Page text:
A social club for German-Americans in the declining city of Troy, New York, prepares to fold from financial pressures. Club members careen from the soothing embrace of nostalgia by night to the messy business of dissolution by day. Theirs is a Germanity frozen in time that is no longer desired by their own children, nor even by the Germans who never left.
Twice a month, abandoned suitcases are auctioned off in the state of Baden-Wuerttemburg. Who buys this luggage - these lost identities - and are they lured by the potential of treasures undreamt of, hidden among dirty underwear and wrinkled t-shirts, or is the act of simply spending money its own allure?
A group of people from the various suburbs of Stuttgart share a feeling that some essential joy is missing from their lives. They gather regularly to laugh, an action that begins consciously, artificially, but which, for however brief a time, eventually becomes authentic. Their tension is eased by a sense of belonging and the emotional quietude left by catharsis. It is an attempt to reclaim a sense of self they believe lost.
These tableaux play out against the background of 21st century consumer capitalism, its winners and losers, the disintegration of the old social structures that once gave meaning to our lives even as they constrained us. Now that we have the freedom to move away and remake ourselves according the personas we choose, not those chosen for us, have we also lost a sense of place? At stake is the notion of selfhood. We love freedom, but do we have too much choice? The contemporary condition demands we wade through an infinite sea of information and choice and what effect does this have on our being?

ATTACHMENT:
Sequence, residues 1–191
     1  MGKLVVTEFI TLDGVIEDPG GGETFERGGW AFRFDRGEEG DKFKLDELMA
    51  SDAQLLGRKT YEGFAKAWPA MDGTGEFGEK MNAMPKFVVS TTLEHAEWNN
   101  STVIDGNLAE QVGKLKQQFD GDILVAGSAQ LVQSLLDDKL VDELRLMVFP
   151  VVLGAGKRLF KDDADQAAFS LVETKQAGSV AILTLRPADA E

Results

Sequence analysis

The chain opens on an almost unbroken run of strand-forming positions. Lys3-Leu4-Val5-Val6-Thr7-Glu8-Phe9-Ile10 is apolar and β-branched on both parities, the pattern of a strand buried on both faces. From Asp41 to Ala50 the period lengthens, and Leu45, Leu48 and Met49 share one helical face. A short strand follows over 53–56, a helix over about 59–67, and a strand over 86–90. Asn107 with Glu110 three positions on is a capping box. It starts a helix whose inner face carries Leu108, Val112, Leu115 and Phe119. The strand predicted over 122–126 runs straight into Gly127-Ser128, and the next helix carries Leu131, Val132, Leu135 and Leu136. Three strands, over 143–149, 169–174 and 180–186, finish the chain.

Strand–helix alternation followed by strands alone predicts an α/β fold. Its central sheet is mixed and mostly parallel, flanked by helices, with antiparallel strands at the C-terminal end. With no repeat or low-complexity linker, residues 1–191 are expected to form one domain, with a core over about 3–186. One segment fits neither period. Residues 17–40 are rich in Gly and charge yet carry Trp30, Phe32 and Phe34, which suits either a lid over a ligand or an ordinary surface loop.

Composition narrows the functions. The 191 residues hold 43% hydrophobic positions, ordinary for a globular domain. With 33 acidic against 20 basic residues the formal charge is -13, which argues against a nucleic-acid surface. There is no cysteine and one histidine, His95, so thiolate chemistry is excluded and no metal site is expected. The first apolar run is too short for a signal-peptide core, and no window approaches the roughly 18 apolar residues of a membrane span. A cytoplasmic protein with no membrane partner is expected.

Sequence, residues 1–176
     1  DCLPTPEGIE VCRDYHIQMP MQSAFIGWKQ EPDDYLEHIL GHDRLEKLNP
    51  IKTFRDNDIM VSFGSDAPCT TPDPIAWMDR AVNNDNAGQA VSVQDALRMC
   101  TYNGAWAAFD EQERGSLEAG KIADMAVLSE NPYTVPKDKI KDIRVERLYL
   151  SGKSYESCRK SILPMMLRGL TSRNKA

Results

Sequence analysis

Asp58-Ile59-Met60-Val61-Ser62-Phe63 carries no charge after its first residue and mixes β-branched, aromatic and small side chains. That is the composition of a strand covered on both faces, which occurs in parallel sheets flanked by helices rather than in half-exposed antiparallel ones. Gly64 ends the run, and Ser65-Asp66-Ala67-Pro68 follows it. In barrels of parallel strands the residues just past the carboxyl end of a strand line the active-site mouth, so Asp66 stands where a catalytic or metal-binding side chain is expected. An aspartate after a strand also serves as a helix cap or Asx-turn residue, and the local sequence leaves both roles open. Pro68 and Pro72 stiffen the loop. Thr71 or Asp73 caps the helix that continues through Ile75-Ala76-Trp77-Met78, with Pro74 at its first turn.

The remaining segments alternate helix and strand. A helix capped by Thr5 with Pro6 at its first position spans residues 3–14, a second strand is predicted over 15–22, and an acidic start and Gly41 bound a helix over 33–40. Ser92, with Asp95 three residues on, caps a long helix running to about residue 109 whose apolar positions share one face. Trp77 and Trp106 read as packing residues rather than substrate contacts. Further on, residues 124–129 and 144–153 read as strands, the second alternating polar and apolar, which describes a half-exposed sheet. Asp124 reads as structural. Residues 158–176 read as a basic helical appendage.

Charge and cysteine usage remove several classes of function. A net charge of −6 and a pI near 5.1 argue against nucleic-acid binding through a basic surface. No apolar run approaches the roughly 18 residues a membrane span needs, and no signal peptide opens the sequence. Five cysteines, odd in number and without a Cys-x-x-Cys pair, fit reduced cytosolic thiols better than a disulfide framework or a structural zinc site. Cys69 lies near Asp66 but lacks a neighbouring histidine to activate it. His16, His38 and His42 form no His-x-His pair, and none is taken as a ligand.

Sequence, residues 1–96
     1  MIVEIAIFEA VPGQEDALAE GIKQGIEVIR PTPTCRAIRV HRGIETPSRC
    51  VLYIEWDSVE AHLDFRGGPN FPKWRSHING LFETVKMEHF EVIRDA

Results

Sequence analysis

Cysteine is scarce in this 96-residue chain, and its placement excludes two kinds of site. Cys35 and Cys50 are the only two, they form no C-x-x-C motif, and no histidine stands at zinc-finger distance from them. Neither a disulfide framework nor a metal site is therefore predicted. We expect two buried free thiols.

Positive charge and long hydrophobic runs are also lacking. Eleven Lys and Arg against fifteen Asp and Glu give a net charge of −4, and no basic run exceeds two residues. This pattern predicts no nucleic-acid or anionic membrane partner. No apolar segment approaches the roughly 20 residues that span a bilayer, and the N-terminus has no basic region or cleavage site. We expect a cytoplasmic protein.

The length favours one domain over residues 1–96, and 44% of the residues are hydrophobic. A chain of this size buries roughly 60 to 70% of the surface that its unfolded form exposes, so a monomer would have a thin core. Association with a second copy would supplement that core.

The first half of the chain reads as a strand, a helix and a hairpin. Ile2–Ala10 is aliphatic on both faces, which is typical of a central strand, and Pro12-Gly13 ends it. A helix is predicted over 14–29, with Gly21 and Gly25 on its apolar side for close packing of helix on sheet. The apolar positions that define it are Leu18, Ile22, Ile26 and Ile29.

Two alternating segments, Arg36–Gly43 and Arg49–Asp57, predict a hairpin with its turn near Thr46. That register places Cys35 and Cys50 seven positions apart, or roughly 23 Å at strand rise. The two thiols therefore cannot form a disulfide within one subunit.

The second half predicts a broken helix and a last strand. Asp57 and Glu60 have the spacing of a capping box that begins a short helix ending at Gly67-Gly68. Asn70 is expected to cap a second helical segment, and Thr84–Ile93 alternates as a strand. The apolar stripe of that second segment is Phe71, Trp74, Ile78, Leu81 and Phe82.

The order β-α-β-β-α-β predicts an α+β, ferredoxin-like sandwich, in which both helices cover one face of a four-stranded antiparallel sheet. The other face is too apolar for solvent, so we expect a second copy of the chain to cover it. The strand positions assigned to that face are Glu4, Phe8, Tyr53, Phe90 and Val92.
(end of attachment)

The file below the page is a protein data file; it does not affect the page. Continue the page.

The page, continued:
How do we live an authentic life when tradition no longer frames our experiences? In this deracinated present, we lurch to fill the void left behind by the loss of sociality - the web of relationships, norms and history that is so much bigger than culture. We attach ourselves to things that we want to feel are genuine. We want to be true, dedicated, committed. We want conviction. We want to stand for something solid and believe. We spin into rituals of cleansing, of consumption, or of nostalgia in an effort to uncover depth.
A Proper Hidden Frenzy suggests that our reality has become dress-up. We mimic characters in our own dramas, aware that we are always, underneath it all, frustrated by our recognition of the role we play in manufacturing them. Each group puts on an external front for the camera of performativity and strength, as the social world requires, but just below the surface lies a thinly veiled vulnerability, a slight freneticism bubbles from this uncertainty. This work draws on our endless triangle of experience: seek/consume, lack/loss, remake/reinvent.
A Proper Hidden Frenzy: The Closing of Germania Hall, 2015
A Proper Hidden Frenzy: Lost Luggage Auction, 2015
A Proper Hidden Frenzy: Laugh Yoga, 2015